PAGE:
Travel Photography Tips For Beginners
Travel Photography Tips For Beginners | Written by Julie Boyd | Photography by Julie Boyd
Photography is a huge passion of mine, so taking great photos when traveling comes naturally to me. However, just because you are not a photographer, doesn’t mean you can’t take great images as well! After all, some of these trips are once-in-a-lifetime opportunities, so having a good photographic record of them is important.
Remember, that taking a great photo is not about having the best camera. Understanding light and composition is the key to taking great pictures, and if you understand how they work together, you can create powerful images even with your iPhone. Here are some tips to get you started on taking great travel photos. (Travel Photography Tips For Beginners)
Shoot at sunrise or sunset
Lighting is the best for photos when the sun is low on the horizon, so making sure you are out-and-about between the two hours after sunrise, and the two hours before sunset, is the key to making great images. A bonus for being up at sunrise is that typically less people are awake, so you might get to enjoy an otherwise popular location before the tour busses start unloading for the day.
Shoot with the light
Make sure you aren’t shooting into the sun or light source, otherwise your subject will be dark, and the background will blown-out (unless you are trying to intentionally do a silhouette). Notice in the image above of Westminster Abby the sun is behind me and illuminating the building. I am shooting in the direction that the light is going. If the sun was in front of me, I would have hard time capturing the details of the building and the beautiful sky. You can experiment with this in your own home with your phone camera. First have your subject stand with their back to the window, and then take a pic. Next switch places and do the same. Notice a difference? (Travel Photography Tips For Beginners)
Use soft light for portraits
Find a shaded area where the light is even. This will make your subject’s skin look more soft and flattering, and eliminate distracting shadows that can form under the eyes when shooting in direct sunlight. Notice in the picture on the left, Brian has harsh shadows on his face because the light is coming from above and casting a shadow, making his eyes dark. On the right, Brian is sitting in the shade, so the light is bouncing up from the ground and filling in the light on his eyes. (Travel Photography Tips For Beginners)
Fill the frame
Eliminate distracting or unnecessary objects from your image. This will help draw focus to your subject, and make your image more interesting. In the image above of the deer, it is hard to see the subject, but by filling in the frame you can bring more attention to the details of your subject.
Change your perspective
Don’t just stand up straight and snap your photo. Move around! Get down low to the ground, or shoot from a higher angle to add drama or show a new perspective. This will add interest to your photos, and make them more distinctive. (Travel Photography Tips For Beginners)
Look for unique compositions
It takes an artistic eye to see different compositions, but if you pre-visualize your shot and practice, you will improve. Start by thinking about everything in your frame, and then see what is around you that might add interest to your image. Maybe you can use flowers to frame your image in the foreground, or the wall of a building to be a leading line back to your subject. Look at photos that really stand out to you for inspiration, and then practice replicating them until you master creating your own compositions.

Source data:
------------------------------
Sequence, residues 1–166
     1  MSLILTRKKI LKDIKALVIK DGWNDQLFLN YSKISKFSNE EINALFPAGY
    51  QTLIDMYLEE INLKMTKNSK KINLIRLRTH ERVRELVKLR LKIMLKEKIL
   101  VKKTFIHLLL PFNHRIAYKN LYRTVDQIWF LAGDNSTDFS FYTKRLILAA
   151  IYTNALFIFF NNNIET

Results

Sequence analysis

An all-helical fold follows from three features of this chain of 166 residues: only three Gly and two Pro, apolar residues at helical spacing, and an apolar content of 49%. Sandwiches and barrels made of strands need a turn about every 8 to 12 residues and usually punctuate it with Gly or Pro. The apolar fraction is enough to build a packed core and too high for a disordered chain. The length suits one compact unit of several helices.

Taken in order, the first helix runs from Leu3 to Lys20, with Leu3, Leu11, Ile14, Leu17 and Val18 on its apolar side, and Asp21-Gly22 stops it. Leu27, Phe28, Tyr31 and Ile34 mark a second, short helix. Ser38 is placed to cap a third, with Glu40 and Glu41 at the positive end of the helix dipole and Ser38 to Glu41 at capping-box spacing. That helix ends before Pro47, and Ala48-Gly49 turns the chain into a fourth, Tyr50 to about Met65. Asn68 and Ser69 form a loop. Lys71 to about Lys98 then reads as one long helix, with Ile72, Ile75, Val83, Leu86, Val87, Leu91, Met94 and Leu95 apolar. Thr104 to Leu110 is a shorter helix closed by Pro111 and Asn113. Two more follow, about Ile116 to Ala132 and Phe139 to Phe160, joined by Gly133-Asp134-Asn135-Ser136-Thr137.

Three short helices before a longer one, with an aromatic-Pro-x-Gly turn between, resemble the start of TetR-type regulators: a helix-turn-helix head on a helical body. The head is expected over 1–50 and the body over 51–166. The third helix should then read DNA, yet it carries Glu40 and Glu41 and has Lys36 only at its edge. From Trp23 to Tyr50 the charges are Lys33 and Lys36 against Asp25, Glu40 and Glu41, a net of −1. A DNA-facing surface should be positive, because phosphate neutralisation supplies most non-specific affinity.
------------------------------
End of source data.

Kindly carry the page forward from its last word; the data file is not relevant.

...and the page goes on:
Don’t forget about the details!
I love taking photos of epic sunsets or a beautiful cityscape, but it is important to capture the details of a scene as well. Shooting things like the hands of a street artist painting, or an interesting rock in the sand will help tell the story of the place you are experiencing. Slow down, soak it all in, and capture all of the things around you that help contribute to the memory of the place you are visiting.
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12 thoughts on “Travel Photography Tips For Beginners”
I love photography tips–I constantly I have to remind myself to take photos of smaller details. Sometimes, it’s the little things that can have the best impact.
Well said Siarra! I have to remind myself too! 🙂
This post is so easy to follow and a great read. Thanks so sharing these wonderful pictures and the tips
I will be using some of your tips to bettermy pictures
Thank you Mayuri! I am so glad that you found it helpful! Let me know if you have any questions. 🙂
Thanks for this! I’ve been reading articles recently on photo tips and I think this has been the best, especially the bit about filling the frame, I think that’s a common mistake I make with my photos.
Thank you so much Jaime! That really means a lot! I am so glad to hear you found it helpful! 🙂
This is such a straightforward guide to good travel photography, Even as a long-time photographer, I am inspired! I’m already thinking about looking up the sunrise and sunset times of my next trip and blocking off the two hours after/before in my calendar for photography. Also, shooting “with the sun” makes perfect sense. These are things I’ve happened to capture by default, but you’ve demystified the best timing and techniques for me. Much appreciated!
I’m so glad you found this helpful Jackie! Hope you have a great time on your trip!
Great tips! I love going out early to get photos. Not only is the great but there’s no people to try to shoot around
Yes! I hate getting up early, but the beautiful light and lack of crowds make it so worth it in the end.
These are great tips. I never thought about the shadows and making it a soft light. A great tip that’s easy to implement
I’m glad you found it helpful, Pam! Happy shooting! 🙂